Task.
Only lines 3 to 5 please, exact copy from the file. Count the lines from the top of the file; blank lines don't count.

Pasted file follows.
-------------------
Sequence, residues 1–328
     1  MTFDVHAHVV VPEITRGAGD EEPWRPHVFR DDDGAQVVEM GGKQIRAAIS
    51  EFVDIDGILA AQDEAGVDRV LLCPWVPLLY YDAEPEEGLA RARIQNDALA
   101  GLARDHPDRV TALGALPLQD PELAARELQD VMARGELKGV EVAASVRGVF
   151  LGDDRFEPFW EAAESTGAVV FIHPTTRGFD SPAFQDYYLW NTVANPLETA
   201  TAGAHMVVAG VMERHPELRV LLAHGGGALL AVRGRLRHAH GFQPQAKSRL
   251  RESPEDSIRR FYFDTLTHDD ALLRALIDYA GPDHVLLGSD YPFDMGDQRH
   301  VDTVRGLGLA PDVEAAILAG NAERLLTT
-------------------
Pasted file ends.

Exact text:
    51  EFVDIDGILA AQDEAGVDRV LLCPWVPLLY YDAEPEEGLA RARIQNDALA
   101  GLARDHPDRV TALGALPLQD PELAARELQD VMARGELKGV EVAASVRGVF
   151  LGDDRFEPFW EAAESTGAVV FIHPTTRGFD SPAFQDYYLW NTVANPLETA